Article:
Hirata was recognized by the Department of Energy for "innovative work reducing astrophysical uncertainties that limit the extraction of fundamental physics parameters from cosmological observations, for studies of the sensitivity of structure formation to the relative velocity between dark matter and baryons in the early universe, and for service on NASA/DOE Joint Dark Energy Mission working groups."

Hirata received his BS from Caltech in 2001, a time in which significant discoveries were being made in cosmology and high-energy physics. These discoveries guided him toward further studies into topics such as what happened in the first fraction of a second in the life of the universe, how galaxies are formed, and the fundamental nature and geometry of the universe. He earned his PhD at Princeton University and returned to Caltech as a faculty member in 2007.

"In the past decade, cosmology has been revolutionized by ever-improving observational capabilities. My colleagues and I have been developing the theoretical tools that enable us to connect the direct observables—the cosmic microwave background and the distribution of galaxies—to the underlying physical processes that occurred during the first fraction of a second after the big bang," says Hirata.

"I'm extremely pleased to see the national recognition of Chris Hirata's promise and achievement," says B. Thomas Soifer, chair of Caltech's Division of Physics, Mathematics and Astronomy, director of the Spitzer Science Center, and professor of physics. "His work is vital to our understanding of the formation and evolution of structures, such as galaxies, in the universe, and the award recognizes his leadership in this area."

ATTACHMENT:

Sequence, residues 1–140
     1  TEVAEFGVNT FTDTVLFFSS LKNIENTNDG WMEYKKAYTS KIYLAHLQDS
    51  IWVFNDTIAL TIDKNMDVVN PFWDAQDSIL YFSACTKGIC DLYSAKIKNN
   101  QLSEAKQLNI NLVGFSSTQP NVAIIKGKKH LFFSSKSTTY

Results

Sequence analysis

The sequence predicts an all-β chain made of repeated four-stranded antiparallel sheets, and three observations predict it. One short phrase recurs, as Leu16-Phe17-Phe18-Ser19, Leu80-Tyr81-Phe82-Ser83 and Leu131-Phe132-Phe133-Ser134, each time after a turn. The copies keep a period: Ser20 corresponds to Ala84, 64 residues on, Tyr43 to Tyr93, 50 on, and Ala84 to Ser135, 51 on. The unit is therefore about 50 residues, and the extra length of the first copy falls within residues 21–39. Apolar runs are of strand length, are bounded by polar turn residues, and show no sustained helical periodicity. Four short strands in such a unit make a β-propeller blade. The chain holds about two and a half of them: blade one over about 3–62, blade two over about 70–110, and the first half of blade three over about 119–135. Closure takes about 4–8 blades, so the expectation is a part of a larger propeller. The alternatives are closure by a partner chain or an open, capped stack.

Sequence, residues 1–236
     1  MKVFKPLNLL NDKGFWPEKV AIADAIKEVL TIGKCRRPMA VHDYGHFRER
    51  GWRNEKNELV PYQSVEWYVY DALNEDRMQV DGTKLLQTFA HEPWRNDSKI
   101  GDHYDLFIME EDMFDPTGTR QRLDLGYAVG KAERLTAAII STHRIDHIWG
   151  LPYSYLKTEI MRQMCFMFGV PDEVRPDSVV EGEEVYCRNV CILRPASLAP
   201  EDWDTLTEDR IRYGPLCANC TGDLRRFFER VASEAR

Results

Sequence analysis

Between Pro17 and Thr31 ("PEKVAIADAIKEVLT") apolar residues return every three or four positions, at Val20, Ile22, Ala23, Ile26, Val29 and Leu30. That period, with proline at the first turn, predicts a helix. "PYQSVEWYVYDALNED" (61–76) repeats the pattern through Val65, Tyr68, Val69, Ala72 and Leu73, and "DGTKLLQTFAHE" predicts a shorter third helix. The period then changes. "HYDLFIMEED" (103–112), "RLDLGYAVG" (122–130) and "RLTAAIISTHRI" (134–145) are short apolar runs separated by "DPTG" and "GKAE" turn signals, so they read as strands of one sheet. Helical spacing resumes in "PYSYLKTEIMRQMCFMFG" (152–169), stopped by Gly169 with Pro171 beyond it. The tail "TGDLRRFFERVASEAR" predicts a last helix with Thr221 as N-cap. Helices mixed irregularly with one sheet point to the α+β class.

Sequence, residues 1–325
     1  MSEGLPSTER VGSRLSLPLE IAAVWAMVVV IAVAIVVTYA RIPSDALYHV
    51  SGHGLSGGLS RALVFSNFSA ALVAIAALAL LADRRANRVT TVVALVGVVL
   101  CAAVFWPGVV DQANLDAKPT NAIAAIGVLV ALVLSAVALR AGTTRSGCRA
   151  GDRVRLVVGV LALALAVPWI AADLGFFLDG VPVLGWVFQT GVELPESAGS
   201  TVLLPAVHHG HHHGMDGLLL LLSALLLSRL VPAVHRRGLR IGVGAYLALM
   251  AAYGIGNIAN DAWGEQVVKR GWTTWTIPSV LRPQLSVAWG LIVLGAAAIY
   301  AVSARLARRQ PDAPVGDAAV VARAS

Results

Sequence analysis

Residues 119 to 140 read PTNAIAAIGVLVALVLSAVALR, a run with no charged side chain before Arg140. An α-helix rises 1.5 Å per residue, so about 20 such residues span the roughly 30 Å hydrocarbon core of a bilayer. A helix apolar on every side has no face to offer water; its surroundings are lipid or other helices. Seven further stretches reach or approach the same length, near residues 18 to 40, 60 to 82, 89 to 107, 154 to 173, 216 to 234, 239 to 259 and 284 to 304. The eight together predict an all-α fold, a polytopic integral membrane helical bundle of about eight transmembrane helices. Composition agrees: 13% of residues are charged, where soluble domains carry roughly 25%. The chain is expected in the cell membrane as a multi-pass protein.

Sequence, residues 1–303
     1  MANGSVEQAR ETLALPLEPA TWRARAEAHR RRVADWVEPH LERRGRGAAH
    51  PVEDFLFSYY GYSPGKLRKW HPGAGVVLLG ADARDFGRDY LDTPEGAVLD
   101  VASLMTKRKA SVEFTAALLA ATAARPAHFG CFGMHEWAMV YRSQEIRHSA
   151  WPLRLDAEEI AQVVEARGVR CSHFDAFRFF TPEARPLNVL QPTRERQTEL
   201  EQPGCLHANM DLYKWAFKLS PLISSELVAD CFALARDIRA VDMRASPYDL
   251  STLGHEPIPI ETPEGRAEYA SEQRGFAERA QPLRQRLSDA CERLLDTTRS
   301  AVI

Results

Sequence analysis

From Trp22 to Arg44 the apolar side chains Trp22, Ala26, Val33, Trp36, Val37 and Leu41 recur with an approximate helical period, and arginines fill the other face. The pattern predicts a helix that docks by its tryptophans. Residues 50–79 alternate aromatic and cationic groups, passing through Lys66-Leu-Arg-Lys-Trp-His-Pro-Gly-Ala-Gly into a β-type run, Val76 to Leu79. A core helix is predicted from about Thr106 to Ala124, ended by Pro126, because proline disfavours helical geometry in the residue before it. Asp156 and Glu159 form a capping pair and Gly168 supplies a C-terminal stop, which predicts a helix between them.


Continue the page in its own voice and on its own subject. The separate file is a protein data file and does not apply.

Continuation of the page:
"When I received word about winning this award, I was in the middle of debugging software code, so the work continues," Hirata says. "But it's nice to take a step back and see how far we have come. "

Clark was recognized by NASA for "exceptional leadership and achievement in the pursuit of advanced entry, descent and landing technologies and techniques for space-exploration missions."

"It's certainly quite an honor," says Clark. "However, there are remarkable achievements every day here at JPL/Caltech that are equally deserving of recognition. I wish we could honor the JPL and NASA teams for the amazing work on the Mars Science Laboratory as we prepare for it to land on Mars." 

"Discoveries in science and technology not only strengthen our economy, they inspire us as a people." President Obama said. "The impressive accomplishments of today's awardees so early in their careers promise even greater advances in the years ahead. "

The Presidential Early Career Award for Scientists and Engineers was established by President Clinton in 1996 and is coordinated by the President's Office of Science and Technology Policy. Awardees are selected for their pursuit of innovative research at the frontiers of science and technology, and their commitment to community service as demonstrated through scientific leadership, public education, or community outreach. Fourteen Caltech professors and researchers have won the award since its inception.